This work focused on strategies to optimize lactate image quality and SNR while retaining those of pyruvate for multishot acquisitions. First, the strategy was based on an imaging acquisition window delayed to coincide with the lactate signal plateau. Second, sampling of the lactate signal was optimized by applying VFA. The VFA was designed based on the observed constant level of lactate over the imaging window. Therefore, no assumptions were required with respect to the balance of T1
and metabolic activity that created the lactate plateau. Under these conditions, the choice of phase encoding order should not affect the lactate SNR, as demonstrated by the simulation. For pyruvate, the dynamic signal decreases during the typical imaging window and, hence, the cPE strategy yielded better pyruvate SNR than sPE. With a very slight compromise in image quality but an overall good SNR, VFA/cPE was chosen to be the best strategy for multishot acquisitions based on the simulation and in vivo rat data of this work. This strategy has also been applied on dog prostate 13
C imaging using clinical coils and the 3D flyback EPSI sequence presented here, yielding good image quality and SNR of dog prostate (8
). Although this work focused on lactate, the same strategy can be applied to alanine, which may be of interest for liver disease applications.
The appropriate time delay depends on the period of bolus injection and blood circulation time to the organ of interest. In addition, the metabolic exchange rate is higher at lower dose concentration (23
) and, therefore, the lactate signal tends to reach a plateau earlier, at lower doses. Our experience with repeated dynamic scans is that the timing of lactate signal is fairly reproducible, as long as the injection method, dose concentration, the imaging organ, and the animal species are the same. Therefore, it is reasonable to use a priori timing information from a separate experiment to determine the appropriate time delay. However, when imaging organs in disease conditions, one should acquire dynamic information on the diseased organ and should not assume the uptake kinetics are the same as the normal organ.
Since the 3DEPSI protocol was not randomized, alternation of pyruvate metabolism over several hours of isoflurane anesthesia may be a concern for systematic errors. In a different study (not shown) where repeated measurements were performed three times in each of two rats with identical acquisition parameters, no systematic trend was found in lactate/pyruvate or alanine/pyruvate ratios during 6-h anesthesia sessions, and the intrasubject variability was 15% to 20%. In a recent dog study (8
) with multiple large-dose 13
C-pyruvate injections, blood samples drawn shortly before and after each pyruvate injection were analyzed for the amount of pyruvate and lactate in blood. The results (not shown here) indicated that pyruvate metabolism is rapid and no cumulative effect is expected at intervals of 1.5 h. The dose per kg of body weight used in the dog study is comparable to the 3-ml doses used in the rats in this study.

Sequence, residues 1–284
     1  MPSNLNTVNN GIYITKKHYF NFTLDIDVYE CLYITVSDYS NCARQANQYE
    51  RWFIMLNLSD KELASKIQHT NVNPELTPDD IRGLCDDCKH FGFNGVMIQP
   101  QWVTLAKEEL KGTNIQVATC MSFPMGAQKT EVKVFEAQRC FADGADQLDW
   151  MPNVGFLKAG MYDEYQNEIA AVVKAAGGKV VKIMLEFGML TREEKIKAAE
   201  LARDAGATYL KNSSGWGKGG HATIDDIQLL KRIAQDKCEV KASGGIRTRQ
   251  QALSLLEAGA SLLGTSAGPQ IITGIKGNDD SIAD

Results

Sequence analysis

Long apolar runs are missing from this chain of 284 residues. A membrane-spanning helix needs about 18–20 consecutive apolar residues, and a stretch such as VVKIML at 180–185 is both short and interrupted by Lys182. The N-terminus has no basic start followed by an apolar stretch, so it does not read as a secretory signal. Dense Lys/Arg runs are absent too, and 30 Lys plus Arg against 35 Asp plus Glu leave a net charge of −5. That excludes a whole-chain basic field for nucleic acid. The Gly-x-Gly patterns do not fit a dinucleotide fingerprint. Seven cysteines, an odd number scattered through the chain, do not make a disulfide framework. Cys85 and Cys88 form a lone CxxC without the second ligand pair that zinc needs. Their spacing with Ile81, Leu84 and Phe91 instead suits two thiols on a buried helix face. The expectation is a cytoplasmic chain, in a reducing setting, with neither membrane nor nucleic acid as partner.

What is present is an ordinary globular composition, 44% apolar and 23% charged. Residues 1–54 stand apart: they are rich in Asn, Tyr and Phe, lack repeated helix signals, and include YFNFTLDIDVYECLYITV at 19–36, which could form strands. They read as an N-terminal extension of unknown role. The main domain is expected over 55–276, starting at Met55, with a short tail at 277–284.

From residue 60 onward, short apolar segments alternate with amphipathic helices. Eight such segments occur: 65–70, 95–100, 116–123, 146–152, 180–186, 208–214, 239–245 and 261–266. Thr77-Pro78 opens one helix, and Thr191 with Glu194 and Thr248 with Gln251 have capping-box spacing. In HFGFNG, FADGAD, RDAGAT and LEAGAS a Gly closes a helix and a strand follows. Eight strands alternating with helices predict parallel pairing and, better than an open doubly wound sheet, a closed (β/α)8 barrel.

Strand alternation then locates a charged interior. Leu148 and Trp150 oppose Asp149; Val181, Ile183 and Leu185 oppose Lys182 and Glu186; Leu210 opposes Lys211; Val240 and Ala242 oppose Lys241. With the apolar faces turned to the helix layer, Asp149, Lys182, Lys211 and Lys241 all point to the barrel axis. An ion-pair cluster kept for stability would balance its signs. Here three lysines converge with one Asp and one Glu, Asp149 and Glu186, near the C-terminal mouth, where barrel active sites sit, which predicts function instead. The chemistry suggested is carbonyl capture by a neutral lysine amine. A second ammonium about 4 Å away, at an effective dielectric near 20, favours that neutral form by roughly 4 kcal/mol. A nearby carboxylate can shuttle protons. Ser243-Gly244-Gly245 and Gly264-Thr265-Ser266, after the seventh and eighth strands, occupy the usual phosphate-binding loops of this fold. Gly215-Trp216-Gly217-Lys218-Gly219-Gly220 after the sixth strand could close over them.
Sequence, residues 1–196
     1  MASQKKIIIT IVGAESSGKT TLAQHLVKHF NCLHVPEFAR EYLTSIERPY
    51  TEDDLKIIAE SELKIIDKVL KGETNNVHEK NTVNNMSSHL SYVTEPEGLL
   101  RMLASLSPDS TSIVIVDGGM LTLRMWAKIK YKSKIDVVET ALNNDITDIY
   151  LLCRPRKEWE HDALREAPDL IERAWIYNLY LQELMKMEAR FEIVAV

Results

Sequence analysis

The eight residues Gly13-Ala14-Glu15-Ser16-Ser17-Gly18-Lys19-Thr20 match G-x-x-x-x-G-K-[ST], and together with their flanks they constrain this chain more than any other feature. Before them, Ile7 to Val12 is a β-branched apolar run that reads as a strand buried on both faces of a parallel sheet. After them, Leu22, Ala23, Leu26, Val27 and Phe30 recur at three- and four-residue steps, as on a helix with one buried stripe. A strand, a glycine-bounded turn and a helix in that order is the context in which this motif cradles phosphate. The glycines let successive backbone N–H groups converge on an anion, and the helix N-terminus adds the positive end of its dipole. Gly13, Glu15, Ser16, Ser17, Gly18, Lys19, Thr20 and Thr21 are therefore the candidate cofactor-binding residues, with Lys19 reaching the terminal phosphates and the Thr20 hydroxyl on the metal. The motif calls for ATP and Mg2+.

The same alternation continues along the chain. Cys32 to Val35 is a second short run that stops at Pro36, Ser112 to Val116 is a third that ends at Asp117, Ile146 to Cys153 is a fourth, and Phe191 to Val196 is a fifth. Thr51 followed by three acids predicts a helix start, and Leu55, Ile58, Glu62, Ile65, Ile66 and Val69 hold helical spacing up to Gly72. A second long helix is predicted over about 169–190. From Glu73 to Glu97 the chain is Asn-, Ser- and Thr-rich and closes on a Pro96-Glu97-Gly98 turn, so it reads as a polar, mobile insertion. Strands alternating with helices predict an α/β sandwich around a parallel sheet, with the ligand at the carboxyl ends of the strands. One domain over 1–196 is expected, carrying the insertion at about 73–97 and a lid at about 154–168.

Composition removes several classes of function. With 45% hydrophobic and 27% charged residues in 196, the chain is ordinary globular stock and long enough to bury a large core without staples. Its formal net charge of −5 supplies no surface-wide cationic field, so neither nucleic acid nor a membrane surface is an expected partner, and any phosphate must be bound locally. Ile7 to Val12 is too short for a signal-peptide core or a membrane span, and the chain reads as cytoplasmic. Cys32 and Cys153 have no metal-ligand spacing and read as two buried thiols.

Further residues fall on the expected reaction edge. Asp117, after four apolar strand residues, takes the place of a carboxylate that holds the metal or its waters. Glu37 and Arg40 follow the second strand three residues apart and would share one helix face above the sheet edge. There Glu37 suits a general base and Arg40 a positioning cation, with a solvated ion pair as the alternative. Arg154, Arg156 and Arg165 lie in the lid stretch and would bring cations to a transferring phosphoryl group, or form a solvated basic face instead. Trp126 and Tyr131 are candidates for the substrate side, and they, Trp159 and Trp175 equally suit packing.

The SNR enhancement using VFA/cPE was found to be consistently low compared to the theoretical predictions. This discrepancy is likely due to in-flow effect. The simulation did not take into account the signal change due to in-flow for different flip angles used for imaging.The VFA for a 12 × 12 matrix in 3DEPSI started at 4.8° and then increased very slowly, with at least three-quarters of the excitations less than 10°. Therefore, compared to the constant 10° acquisition, the additional signal contribution from in-flow would be less in the VFA acquisition. This may explain the decrease of the advantage of VFA/cPE as compared to 10°/sPE. For the fast CSI acquisition, 204 excitations were performed, and one may expect an even larger discrepancy compared to the theoretical prediction. The trend in our data indicated the same: the SNR enhancement measured in fast CSI was only about 76% (=1.3/1.7 for lactate) of the enhancement predicted by simulation, whereas in 3DEPSI, it was 84% (=0.74/0.88). Another factor is the accuracy of the flip angle calibration. However, this would affect both the VFA and constant flip angle measurements and the effect is expected to be smaller than the in-flow effect.
Symmetric EPSI improved the lactate SNR by 35% compared to the flyback EPSI. There is no problem combining the odd- and even-echo data when the data are properly gridded on the kx vs. time domain. The effect of eddy currents is expected to be insignificant in this work because for 5-mm resolution, the waveform amplitude was 2.2 mT/m, much less than the maximum 40 mT/m. The close agreement between the theoretical and measured SNR enhancement factors further demonstrates this. For future imaging studies utilizing full gradient strength and slew-rate, it is advisable to use the measured trajectories in data gridding to eliminate potential image artifacts. The symmetric EPSI has other advantages. Bicarbonate, a metabolic byproduct, as pyruvate, enters the tricarboxylic acid cycle, has a chemical shift of about 700 Hz from lactate at 3T. With a spatial resolution of 5.6 mm and 720-Hz spectral BW, it is possible to capture the bicarbonate peak by using symmetric EPSI. It is also possible to use odd and even echoes separately in order to gain spectral BW. However, N/2 aliasing peaks may appear due to uncertainties of waveform timing, eddy current effects and T2*. The potential of symmetric EPSI for 13C imaging is worth exploring further.